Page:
November 27, 2001
How To Handle A Workplace Emergency
By Maureen Alvarez, CIH, CSP
Most of your safety training teaches
you how to do your job safely on a day-to-day basis. But
what about those rare times when something goes seriously
wrong? Would you know how to respond?
Emergency preparedness is an important
part of your job safety training.
What is an emergency? It is an unexpected,
potentially harmful occurrence. It could be an injury incident,
a severe illness, a chemical spill, a fire, flood or storm,
an assault or other incident.
Your company should have a plan to
deal with various types of emergencies. Certain personnel
may be appointed and trained to respond to these emergencies.
No matter what your job is, make sure you know your part in
your companies emergency response plan.
The following is a checklist to
help you learn what to do in the event of an emergency:
- Find out who to contact to get help in an
emergency. Emergency numbers should be posted at each telephone.
In many areas dialing 9-1-1 puts you in touch with a number
of emergency services, but find out if this is the case
in your work area.
- Know the address of your workplace - and
how to give directions to get there - in case you have to
call for emergency help. The emergency responders will
need your name and the phone number at your location as
well. When called to a large plant, fire fighters or ambulance
crews can waste valuable time searching for the exact location
of the emergency.
- It is a good idea to direct the emergency
personnel to a main entrance where one of your employees
can take them directly to the incident.
- Find out who to contact within the company
in case of an emergency. Do you have an Emergency Preparedness
Manager? Is there an internal fire brigade, Hazmat team
or emergency response team? Who is in charge of medical
- Know the location of emergency equipment.
This may include fire extinguishers, break-glass alarms,
first aid kits, safety showers, eye wash stations, chemical
spill control materials and others.
- Learn how to operate any emergency equipment
which you may have to use. Know which kinds of fire extinguishers
to use on various kinds of fires. Make sure you know how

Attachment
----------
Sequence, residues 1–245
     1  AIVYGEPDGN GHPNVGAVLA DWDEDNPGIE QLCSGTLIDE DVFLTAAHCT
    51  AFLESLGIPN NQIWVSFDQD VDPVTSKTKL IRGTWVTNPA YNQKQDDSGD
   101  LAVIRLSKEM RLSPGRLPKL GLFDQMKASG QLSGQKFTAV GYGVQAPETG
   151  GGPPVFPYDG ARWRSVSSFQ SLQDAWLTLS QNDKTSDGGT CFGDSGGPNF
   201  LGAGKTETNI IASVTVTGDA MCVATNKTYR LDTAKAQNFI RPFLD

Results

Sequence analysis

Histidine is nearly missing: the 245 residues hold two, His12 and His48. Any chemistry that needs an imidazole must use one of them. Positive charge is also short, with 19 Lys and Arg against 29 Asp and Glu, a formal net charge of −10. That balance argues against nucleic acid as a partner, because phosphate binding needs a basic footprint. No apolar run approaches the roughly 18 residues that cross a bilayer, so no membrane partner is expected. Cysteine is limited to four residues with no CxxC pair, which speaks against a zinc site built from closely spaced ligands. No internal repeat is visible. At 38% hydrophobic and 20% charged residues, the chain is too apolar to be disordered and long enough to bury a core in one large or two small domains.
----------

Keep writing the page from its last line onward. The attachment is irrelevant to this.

to use the safety shower and eye wash station - even if
you are frightened and temporarily blinded by a chemical
- Learn CPR (cardiopulmonary resuscitation),
as well as basic first aid. These skills sometimes make
the difference between life and death when incidents occur,
both at work and off the job.
- Make sure you know where to find the MSDS
(Material Data Safety Sheet) for any chemical used in the
workplace. These sheets provide valuable information which
you will need in case of an accidental chemical exposure
- Know the evacuation route from your work
area. Find at least two exits ahead of time. Also find
out where you are supposed to assemble with your co-workers
after you have left the building.
To Find Emergency Exits
We pass them every day, but how
many of us really see them? Doors with an "Exit"
sign may not be interesting, but they are vital to your well-being.
Emergency exits are essential
to escape from:
- Fires, either inside the building or in the
- Explosions caused by gas leaks or chemical
- Power outages caused by natural disasters
or internal electrical problems.
- Building collapse or major structural failure.
- Release of toxic substances or spills of
- Natural disasters such as floods, earthquakes
Several of these events may happen
in a sequence as one triggers another. An explosion may start
a fire and cause structural damage in one part of a building.
The fire may also cause a loss of electrical power, plunging
your work area into darkness. Bearing this in mind, emergency
exits probably seem a lot more important to you now.
Make it a personal safety habit
to know the location of at least two emergency exits at all
times. This applies off the job as well as on the job. No
matter where you are in a building, even if you are just passing
through, look for two emergency exits. However, this does
not include elevators. You should never use an elevator during
a fire emergency.
What can you do to ensure the
emergency exits in your work area are safe?
- Keep exits clear. Don't use them as storage
areas, not even temporarily.
- Doors should be secured to prevent unauthorized
entry from the outside, but not to prevent employees from
exiting in emergencies.
- Report to your supervisor any structural
problems which may effect an emergency exit route. Look
for broken hand railings, loose stair treads, and doors
which do not open easily.
- Also check for burned out light bulbs in
the overhead fixtures. Report them to your maintenance department
so they will be replaced.
- Lighted exit signs should be in good working
order, and have a battery backup in case of a power failure.
- Never store flammable liquids or combustible
products near or under an exit or stairway.
- Emergency exits should be properly labeled.
Doors which lead to a storeroom or closet should also be
correctly labeled so that you don't become confused during
- Pathways and aisles leading to your escape
routes should be clean and well-maintained. Don't use aisles
or traffic areas for storing stock or equipment.
- Perhaps you have physical disabilities which
make it difficult for you to use some types of emergency
exits. In that case, do you know which exits you can use?
Is there another employee in your work area who can assist
you when required?
- Knowing your exit routes helps eliminate
Knowing what to do in case
of an emergency can help prevent panic and it can save lives.
Learn your part in emergency procedures.
For additional information regarding
Emergency Preparedness please check out these links to FEMA
(Federal Emergency Management Agency) at http://www.fema.gov/ and the US EPA at http://www.epa.gov/swercepp/.
Copyright © 2001 by WorkCare™
All Rights Reserved
See you next month,